Another beautiful statement came from French dark jazz innovators Dale Cooper Quartet and the Dictaphones. “Quatorze Pieces De Menace” mesmerized with its noirish travel through old Paris alleyways and waterfalls of Twin Peaks with the touch of 1930′s, the shades of the jazz age and shoegaze heights. It successfully merged jazz experimentalism with dream pop/ethereal spaces and drone like loops.
2013 was especially fruitful for Mannequin Records, which spread the synthetic voyages in the underground with excellent Light House, Phantom Love, Deathday, Phosphor, The Coombe, Police Des Moeurs releases as well as lost and found Italian synthwave reissues. All this was perfectly showcased in “End of Civilization”, excellently crafted compilation handpicked by the label’s native Mushy, and the special mix for our Spotlight series made by label boss Alessandro Adriani.
The year didn’t pass without interesting oddities as well. One of them was politically charged collage “Commercial Mouth” by Greek experimentalist Jar Moff. Not an easy listen though, it provided some food for thought about the system around us as showcased in the chaotic and at times disturbing sonic nature of the album. Felix Kubin also premiered a surreal continuation of his retro cosmic analog explorations in “Zemsta Plutona”, definitely one of his best works yet. A familiar, yet interesting twist to his sound with tracks ranging from analog minimal wave voyages to futuristic abstract constructions or weird pop tunes. Legendary Ryoji Ikeda crafted a mathematical affair “Supercodex” for Raster Noton compiled of millions minuscule sound particles reminding work of an LHC accelerator. Moreover, there were tectonic three-part Emptyset live experimentations in “Material” and raw analog technoid journeys of Andreas Tilliander‘s TM404.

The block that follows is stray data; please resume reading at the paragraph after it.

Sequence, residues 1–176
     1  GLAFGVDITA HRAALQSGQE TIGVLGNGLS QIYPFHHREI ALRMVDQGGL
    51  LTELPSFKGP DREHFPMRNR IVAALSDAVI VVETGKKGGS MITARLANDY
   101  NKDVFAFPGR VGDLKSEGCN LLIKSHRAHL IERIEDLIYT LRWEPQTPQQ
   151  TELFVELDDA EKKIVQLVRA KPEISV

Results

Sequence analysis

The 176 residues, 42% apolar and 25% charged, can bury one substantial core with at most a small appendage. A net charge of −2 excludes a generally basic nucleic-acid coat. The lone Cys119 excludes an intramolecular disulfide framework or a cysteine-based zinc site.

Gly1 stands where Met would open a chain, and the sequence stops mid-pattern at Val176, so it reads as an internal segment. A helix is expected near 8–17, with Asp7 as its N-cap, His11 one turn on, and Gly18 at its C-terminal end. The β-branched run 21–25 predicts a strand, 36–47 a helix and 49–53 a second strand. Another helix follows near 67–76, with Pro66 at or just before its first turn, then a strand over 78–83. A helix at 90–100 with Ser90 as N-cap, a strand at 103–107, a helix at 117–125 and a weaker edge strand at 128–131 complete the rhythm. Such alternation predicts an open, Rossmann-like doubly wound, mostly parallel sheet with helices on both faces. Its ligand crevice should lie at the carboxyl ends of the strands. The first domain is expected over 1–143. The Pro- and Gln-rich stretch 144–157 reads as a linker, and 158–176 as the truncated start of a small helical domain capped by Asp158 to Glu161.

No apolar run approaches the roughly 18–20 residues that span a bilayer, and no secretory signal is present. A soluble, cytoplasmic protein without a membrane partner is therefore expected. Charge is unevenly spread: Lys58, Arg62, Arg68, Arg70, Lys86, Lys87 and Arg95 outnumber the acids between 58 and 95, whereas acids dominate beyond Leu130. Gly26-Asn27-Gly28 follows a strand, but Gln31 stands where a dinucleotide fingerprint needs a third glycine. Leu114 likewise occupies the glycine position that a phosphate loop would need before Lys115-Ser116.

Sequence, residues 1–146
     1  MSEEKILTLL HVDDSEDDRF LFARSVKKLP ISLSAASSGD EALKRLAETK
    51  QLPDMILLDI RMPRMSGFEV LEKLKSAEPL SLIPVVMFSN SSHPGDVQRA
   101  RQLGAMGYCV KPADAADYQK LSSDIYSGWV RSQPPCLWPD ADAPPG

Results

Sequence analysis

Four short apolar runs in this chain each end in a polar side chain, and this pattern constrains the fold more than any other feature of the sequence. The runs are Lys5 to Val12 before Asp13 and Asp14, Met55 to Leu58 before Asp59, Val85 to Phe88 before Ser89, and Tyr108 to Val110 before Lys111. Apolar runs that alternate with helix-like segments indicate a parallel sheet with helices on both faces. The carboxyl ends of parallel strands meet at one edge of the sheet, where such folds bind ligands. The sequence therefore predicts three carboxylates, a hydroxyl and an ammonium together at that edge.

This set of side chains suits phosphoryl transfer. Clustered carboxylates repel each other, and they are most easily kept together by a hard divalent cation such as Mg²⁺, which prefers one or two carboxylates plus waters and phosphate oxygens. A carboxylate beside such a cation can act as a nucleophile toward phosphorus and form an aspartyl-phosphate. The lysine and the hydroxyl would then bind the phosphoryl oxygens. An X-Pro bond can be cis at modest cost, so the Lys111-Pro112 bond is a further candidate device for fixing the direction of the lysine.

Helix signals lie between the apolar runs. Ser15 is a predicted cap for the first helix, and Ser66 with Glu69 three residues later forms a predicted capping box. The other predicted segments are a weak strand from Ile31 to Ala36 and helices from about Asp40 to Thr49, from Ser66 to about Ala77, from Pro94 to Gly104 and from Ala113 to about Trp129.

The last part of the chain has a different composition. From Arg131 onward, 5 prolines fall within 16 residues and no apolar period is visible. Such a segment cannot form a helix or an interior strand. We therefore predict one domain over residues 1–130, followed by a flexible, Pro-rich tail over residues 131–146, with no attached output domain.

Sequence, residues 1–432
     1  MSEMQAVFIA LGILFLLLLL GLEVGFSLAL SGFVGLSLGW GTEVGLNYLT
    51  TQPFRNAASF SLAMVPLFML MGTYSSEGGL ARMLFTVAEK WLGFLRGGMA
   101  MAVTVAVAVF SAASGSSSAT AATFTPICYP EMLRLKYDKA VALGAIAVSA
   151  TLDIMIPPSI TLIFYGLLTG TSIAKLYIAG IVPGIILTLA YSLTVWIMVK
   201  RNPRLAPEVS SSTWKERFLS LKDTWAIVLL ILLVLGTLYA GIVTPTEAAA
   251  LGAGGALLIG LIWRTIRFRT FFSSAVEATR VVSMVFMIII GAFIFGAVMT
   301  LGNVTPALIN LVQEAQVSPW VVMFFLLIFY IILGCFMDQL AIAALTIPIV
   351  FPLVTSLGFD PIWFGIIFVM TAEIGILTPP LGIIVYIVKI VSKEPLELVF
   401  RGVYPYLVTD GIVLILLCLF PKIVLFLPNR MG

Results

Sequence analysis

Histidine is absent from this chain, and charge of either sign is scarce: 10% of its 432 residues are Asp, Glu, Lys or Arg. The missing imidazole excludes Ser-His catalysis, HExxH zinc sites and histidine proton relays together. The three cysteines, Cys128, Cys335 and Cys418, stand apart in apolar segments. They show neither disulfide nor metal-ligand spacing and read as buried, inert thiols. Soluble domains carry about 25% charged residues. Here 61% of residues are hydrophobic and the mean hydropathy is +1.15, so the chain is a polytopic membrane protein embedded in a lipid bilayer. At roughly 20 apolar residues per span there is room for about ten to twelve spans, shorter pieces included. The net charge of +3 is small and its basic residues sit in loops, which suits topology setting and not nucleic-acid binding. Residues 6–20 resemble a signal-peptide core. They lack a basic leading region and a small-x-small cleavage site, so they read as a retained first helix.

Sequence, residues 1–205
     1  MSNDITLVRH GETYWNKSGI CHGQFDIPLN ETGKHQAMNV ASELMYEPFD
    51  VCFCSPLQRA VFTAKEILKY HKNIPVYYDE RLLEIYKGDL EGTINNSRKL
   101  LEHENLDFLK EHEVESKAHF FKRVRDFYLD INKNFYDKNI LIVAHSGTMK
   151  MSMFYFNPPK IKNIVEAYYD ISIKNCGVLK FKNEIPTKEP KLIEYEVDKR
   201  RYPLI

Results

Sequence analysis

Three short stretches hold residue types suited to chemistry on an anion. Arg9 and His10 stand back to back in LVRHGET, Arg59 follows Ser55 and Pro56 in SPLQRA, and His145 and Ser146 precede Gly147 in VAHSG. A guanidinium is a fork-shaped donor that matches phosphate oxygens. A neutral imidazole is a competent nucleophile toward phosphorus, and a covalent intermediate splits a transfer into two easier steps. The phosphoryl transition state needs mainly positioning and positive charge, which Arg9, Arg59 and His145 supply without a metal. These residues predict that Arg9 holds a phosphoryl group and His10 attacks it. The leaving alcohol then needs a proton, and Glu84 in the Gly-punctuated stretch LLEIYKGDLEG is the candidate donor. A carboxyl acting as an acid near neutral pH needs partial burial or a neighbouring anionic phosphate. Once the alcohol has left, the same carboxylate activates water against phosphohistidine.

Several monstrous collaborations also heavily disturbed our eardrums. “Through a Pre-Memory” by ÄÄNIPÄÄ, the joined venture between Mika Vainio and Sunn O)))’s Stephen O’Malley, was one of the heaviest and most challenging listens this year. It sounded like an avantgarde and futuristic doom metal affair filtered through Mika’s drones and machine-like stroke beats. The record was released by Peter Rehberg‘s Editions Mego, what makes this collaboration even more unique. Another one was the union between Charlemagne Palestine and Z’ev, which resulted in the record of their second live performance in 20 years. A rare occasion to see a minimalist composer and an avant-garde drummer performing together. Finally, Graham Lambkin and Jason Lescaleet presented us “Photographs”, a monolithic exercise in memories presented in drone/experimental/concrete shapes.
As this year was really fruitful we did not manage to include all the releases we enjoyed, so unfortunately some of them were left out in the painful process of trimming down the list to the essential 30. The records we showcased here are the ones, which represent our aesthetic experiences and identity most accurately. The list stands on the verge between drastic experimentation and classical beauty, spontaneous improvisatory acts and precise studio-crafted constructions. So, just explore, experience and enjoy and, of course, feel free to share your own individual suggestions of lists.